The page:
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Westchester County Legislators Demand Hochul Restore School Aid

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Bedford Superintendent of Schools Dr. Robert Glass, surrounded by members of the Board of Legislators, spoke during a press conference Thursday afternoon at the County Building in White Plains urging Gov. Kathy Hochul to fully restore Foundation Aid.

The Westchester County Board of Legislators joined the chorus of critics against Gov. Kathy Hochul and her proposed Foundation Aid reductions that education advocates contend places countless programs and students in peril.

Accompanied by teachers’ union representatives at the County Building in White Plains Thursday afternoon, school officials and state Sen. Shelly Mayer (D-Yonkers), the chair of the Senate’s Education Committee, demanded that Hochul reinstate the $419 million in statewide Foundation Aid cuts, about $19.6 million of which would be lost to Westchester County districts.

County Legislator Erika Pierce (D-Katonah) said with the tax cap having been in effect for 12 years, which limits the tax levy increase to regional cost of living or a 2 percent maximum, combined with high inflation, Hochul’s plan would be debilitating for many districts and their students.

“It’s a loss in jobs, it’s a loss in access to teachers and support services for every single student, including our students who are most vulnerable,” Pierce said. “It is the loss of access to counselors and programs, and this is not just a Bedford problem. Students in every single district in our county will lose in total about $20 million in funding. That’s $20 million (that goes away) overnight.”

Legislator Emiljana Ulag (D-Ossining) called the reduction with no warning “as a betrayal to our school districts.”

The support shown by county lawmakers followed their unanimously approved resolution earlier in the week calling for full restoration of the aid. Last week, the state Senate and Assembly each passed their one-house budgets that included full restoration with overwhelming bipartisan support, Mayer said.

After years of haggling, last year Foundation Aid was fully funded for the first time since 2007, but was cut without warning in the proposed executive spending plan, as districts face increasing challenges and responsibilities to provide more services following the pandemic, she said.

To save money, Mayer said that Hochul changed the formula to one of the key variables in determining the level of aid, the regional Consumer Price Index (CPI), to average the last 10 years after removing the highest and lowest years. The governor also eliminated the save-harmless provision, which guaranteed that even if a district’s enrollment went down and CPI was low, districts would not see a Foundation Aid reduction from one year to the next.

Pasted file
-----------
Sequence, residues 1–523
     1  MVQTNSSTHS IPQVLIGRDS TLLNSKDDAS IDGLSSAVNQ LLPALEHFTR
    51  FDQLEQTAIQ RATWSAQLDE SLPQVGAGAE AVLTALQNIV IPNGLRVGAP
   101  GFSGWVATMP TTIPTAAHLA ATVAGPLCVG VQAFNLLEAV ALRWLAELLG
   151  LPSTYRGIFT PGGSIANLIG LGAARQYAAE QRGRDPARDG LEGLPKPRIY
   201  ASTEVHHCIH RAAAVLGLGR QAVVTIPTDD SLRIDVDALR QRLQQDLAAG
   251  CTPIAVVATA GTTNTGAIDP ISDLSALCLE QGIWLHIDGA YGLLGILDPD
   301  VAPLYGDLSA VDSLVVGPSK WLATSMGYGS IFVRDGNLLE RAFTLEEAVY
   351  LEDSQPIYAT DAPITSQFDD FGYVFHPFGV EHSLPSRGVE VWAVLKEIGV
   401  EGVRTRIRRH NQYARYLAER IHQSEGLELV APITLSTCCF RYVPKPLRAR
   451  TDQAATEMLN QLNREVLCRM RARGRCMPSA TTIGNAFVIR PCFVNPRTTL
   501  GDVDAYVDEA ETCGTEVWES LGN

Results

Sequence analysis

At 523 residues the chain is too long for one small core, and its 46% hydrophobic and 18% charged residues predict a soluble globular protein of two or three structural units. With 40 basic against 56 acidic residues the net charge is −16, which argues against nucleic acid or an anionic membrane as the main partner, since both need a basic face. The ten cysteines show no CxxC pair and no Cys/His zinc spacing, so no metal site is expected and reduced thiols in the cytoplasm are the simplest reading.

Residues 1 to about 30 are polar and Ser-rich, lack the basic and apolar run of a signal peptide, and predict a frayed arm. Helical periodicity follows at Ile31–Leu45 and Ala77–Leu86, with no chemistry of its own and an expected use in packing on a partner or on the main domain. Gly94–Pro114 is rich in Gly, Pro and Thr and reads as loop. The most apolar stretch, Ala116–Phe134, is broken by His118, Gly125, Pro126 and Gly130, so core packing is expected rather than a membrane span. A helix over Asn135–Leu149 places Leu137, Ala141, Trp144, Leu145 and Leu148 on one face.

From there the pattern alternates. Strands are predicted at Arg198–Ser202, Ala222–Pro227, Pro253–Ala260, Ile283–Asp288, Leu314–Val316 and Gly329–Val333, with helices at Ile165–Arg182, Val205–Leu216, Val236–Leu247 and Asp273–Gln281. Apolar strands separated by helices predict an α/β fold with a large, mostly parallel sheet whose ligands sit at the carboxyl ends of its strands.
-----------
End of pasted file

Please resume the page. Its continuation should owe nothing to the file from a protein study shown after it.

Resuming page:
“This is wrong, the impact is devastating; it cannot be justified,” Mayer said. “There is a time for conversation about updating the formula. We are calling for that, but the time is not right now to pull the rug out, as Erika said, from our schools and from our kids. It’s absolutely unacceptable.”

While virtually all districts in Westchester and Putnam counties would see a reduction in aid, some districts’ losses are heavier than others. In Westchester, the Bedford School District stands to lose nearly $1.6 million in Foundation Aid, a 30.5 percent reduction, the greatest cut on a percentage basis of any district in the two counties, except for the K-8 districts of Pocantico Hills and Garrison in Putnam County, which will each lose 39 percent of its aid.

Bedford Superintendent of Schools Dr. Robert Glass said the abrupt state reduction contributed to him proposing a first draft of his 2024-25 district budget Wednesday evening that would cut 26 teaching positions and seven aides.

Coupled with the expiration of federal pandemic funds and the district under a multiyear plan to right-size its staff to account for a nearly 20 percent enrollment reduction during the past eight years, the loss of Foundation Aid would have devastating effects, he said.

Bedford is considered a high-wealth district, but also has high needs with its increasing percentage of students who come from homes where English is not the first language and many students who meet the criteria for free or reduced lunch.

“So we have had to embark on a three-year plan to systematically right-size our budget, to not chip away at programs but chip away at the budget enough so we can keep as much of our programs in place to have our students more focused, and we’ve been doing that very successfully,” Glass said.

The heads of three Westchester districts’ teachers’ unions also urged to Hochul to restore the aid.

“The reality of this budget represents a broken promise,” said Kara McCormick-Lyons, the president of the White Plains Federation of Teachers. “It’s a broken promise, actually it’s 419 million broken promises to students and school communities across the state.”

Putnam County’s six districts would see a combined reduction of about $1.4 million.

The deadline for the state legislature to complete work and adopt a Fiscal Year 2025 budget is Apr. 1, but last year the budget was late.



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